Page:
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Los Angeles Times
Book Review: Tower Of Babel LIVING IN SPANGLISH: The Search For Latino Identity In America, By Ed Morales, St. Martin's Press: 310 pp., $25.95
By EARL SHORRIS
August 18, 2002
In 1490, in the palace of Tecayehuatzin, lord of Huexotzinco, a group of Nahua princes who were also poets met to discuss the provenance of art and its relation to life and thought. Near the end of the "Dialogue of Flowers and Song," Prince Ayocuan tells the others, "Friends, listen to the dream of a word," and then speaks of "life, enabling us to see."
Like many works left to us by Mesoamerican civilization, this poem was concerned with language as well as life, for the authors recognized language as the defining human characteristic. So aware of the importance of language were these Mesoamericans that they chose to call themselves Nahuas ("clear speakers").
Race, on the other hand, was not of interest in pre-Hispanic America, although there were recognizable physical characteristics that could have been used to distinguish among various groups (shorts and talls, for instance, rather than lights and darks). As the Mesoamericans noted, race is a foolish business no matter what the defining characteristics. They were too subtle in their observations to construct a racial system; they drew distinctions according to language, very much like the ancient Greeks. The Greeks thought the language of strangers sounded like "barbarbar," so they called them Barbarians. The Nahuas thought the language of some strangers sounded like "popopo," so they called them Popolocas.
Languages change, however, none more than English, which is the most inclusive language, leaping from a vocabulary of 50,000 words to double that number with the inclusion of words brought over from the continent by the Norman conquest. Other languages also change, but none quite so rapidly as English. In the Americas, James Lockhart has collected the borrowings from Spanish used by the Nahuas during the years following the invasion. In North America, the Navajos, upon encountering a motorcycle, devised a new and very onomatopoeic word for the curious vehicle: "put-put." Tomatoes and chiles are Nahuatl vegetables. "Canoe" was borrowed from the indigenous people of the Caribbean, who had borrowed it from indigenous people of South America's east coast. The process of language growth has almost always been an inclusion of foreign words.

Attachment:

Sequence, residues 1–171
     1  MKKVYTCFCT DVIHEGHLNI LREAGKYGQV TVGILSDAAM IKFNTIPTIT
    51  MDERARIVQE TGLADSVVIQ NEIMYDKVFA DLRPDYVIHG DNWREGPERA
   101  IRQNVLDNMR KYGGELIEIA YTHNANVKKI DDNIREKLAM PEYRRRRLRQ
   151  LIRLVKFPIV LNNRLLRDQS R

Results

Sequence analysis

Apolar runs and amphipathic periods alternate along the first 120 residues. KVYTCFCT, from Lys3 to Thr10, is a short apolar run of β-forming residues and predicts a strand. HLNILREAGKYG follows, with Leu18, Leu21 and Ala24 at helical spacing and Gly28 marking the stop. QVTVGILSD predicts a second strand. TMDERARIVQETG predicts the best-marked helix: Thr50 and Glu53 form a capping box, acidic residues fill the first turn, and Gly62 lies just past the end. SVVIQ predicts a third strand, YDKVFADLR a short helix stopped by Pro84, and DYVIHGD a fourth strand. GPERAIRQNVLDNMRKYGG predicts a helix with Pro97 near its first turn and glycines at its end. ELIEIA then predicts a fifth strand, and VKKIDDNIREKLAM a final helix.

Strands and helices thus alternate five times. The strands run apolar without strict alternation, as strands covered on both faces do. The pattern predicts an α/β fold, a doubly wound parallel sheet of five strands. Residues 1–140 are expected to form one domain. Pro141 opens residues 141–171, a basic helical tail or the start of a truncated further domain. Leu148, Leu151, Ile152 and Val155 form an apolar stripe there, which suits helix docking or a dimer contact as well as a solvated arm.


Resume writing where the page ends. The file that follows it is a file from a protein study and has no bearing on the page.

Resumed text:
Among people who speak more than one language, code-switching (changing from one language to another) occurs regularly. That should not be confused with Spanglish, which is not switching easily from one language to another by bilingual or multilingual speakers. In popular music, which Ed Morales knows and speaks of with authority in "Living in Spanglish," code-switching works especially well. He points out that Latin jazz was and remains a spectacularly successful blend of rhythms, melodies and orchestrations.
In literary works, say, a novel by Saul Bellow or Carlos Fuentes, the English or Spanish text may be enriched by words or phrases from French, Greek, Latin and so on. Europeans are fond of pointing out to Americans that people who speak only one language are not civilized. Following that rule, one would expect people in the Americas to speak at least English and Spanish. Since the Americas are rich in languages, it would seem that the hemisphere presents a great opportunity to keep alive this most glorious of human creations.